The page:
ACCC set to okay Optus HFC exit
Monopoly concerns outweighed by consumer benefits, apparently
Optus will exit the HFC business and pocket $AU800 million, if yesterday’s proposed determination from the Australian Competition and Consumer Commission stands.
The draft determination from the ACCC would allow Optus to pass its HFC customers to the National Broadband Network as it rolls out, and once the rollout is complete, to decommission the network, which has a footprint in Brisbane, Sydney and Melbourne.
Calling the decision “finely balanced”, the regulator decided that the NBN handover would avoid the cost of operating the HFC network in competition with the NBN and reduce the cost of migrating HFC subscribers to the new fibre-to-the-home infrastructure.
Although the Optus-NBN Co deal reduces competition, the ACCC also noted that Optus is unlikely to extend its network beyond its current footprint, and with the NBN as its competitor, is unlikely to stump up the capital required for future upgrades to the HFC infrastructure.
The ACCC also noted that Optus’ services would only compete with the NBN “at the lower end of the range of services that the NBN will support”.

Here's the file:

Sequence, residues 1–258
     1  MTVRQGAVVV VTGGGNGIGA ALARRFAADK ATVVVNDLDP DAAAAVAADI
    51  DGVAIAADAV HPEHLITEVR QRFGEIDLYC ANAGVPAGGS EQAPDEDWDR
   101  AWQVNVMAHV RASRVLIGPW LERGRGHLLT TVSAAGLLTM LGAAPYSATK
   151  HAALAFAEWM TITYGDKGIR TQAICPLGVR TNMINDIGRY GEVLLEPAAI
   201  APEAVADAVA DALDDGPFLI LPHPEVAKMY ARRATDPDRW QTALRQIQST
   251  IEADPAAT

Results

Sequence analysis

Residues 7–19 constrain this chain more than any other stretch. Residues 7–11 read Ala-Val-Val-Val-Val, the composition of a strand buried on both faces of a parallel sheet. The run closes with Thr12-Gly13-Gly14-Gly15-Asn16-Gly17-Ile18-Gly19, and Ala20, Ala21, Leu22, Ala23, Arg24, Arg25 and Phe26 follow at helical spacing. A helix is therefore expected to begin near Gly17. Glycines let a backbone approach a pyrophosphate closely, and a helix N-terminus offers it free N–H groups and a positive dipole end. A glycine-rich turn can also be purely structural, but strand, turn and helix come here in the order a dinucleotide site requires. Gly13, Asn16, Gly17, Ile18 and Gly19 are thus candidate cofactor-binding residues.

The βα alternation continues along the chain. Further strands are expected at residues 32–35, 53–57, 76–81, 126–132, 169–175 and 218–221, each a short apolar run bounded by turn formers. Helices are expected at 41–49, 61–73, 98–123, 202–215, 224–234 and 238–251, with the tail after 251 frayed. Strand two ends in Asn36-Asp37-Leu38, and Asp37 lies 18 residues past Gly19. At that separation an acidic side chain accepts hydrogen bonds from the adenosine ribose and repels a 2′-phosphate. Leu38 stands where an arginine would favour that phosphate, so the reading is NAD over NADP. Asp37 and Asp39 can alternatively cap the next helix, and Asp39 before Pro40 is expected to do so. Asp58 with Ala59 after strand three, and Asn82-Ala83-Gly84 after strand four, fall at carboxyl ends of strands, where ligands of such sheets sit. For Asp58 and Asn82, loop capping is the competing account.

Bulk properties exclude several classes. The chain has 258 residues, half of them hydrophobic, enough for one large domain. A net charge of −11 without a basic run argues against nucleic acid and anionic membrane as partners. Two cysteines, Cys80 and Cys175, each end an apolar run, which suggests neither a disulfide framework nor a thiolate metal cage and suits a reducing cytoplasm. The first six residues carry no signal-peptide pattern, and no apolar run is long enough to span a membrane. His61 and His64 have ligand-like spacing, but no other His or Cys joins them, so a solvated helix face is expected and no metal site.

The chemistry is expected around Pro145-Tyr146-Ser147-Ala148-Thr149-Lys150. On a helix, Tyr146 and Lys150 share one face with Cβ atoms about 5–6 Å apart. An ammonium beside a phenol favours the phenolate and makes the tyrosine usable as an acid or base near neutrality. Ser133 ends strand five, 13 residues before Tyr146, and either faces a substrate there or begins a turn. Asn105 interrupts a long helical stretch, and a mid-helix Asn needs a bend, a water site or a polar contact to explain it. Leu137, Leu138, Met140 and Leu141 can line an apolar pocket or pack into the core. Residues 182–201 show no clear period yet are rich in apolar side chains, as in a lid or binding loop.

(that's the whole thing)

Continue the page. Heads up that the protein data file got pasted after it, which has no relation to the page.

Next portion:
Moreover, the ACCC’s statement notes, should Optus lose too many customers to the NBN, its HFC network would become uneconomic to operate.
In a more optimistic era, Optus used to trumpet its network as passing more than two million homes. However, many of those are unserviceable (mostly because Optus does not offer HFC to apartments or other ‘multi-dwelling units’), leaving only 1.4 million homes able to be connected. Of those, fewer than 500,000 are connected, with around 400,000 taking a broadband service.
The network has suffered overbuild in the past – during the 1990s, Optus was shadowed practically house-by-house as Telstra rolled out its own HFC cable. That battle finally ended in the early 2000s when both carriers halted their rollouts and wrote down the networks’ book value.
Although now operating DOCSIS 3.0 technology, the two cable networks have themselves represented a competition sore point, with providers like Internode criticizing their lack of wholesale broadband access.
Communications Day is reporting that the "last man standing" in the HFC business, iiNet-owned TransACT, remains hopeful that it can secure a similar deal and avoid overbuild of its networks in the ACT and regional Victoria. ®
Sponsored: The Nuts and Bolts of Ransomware in 2016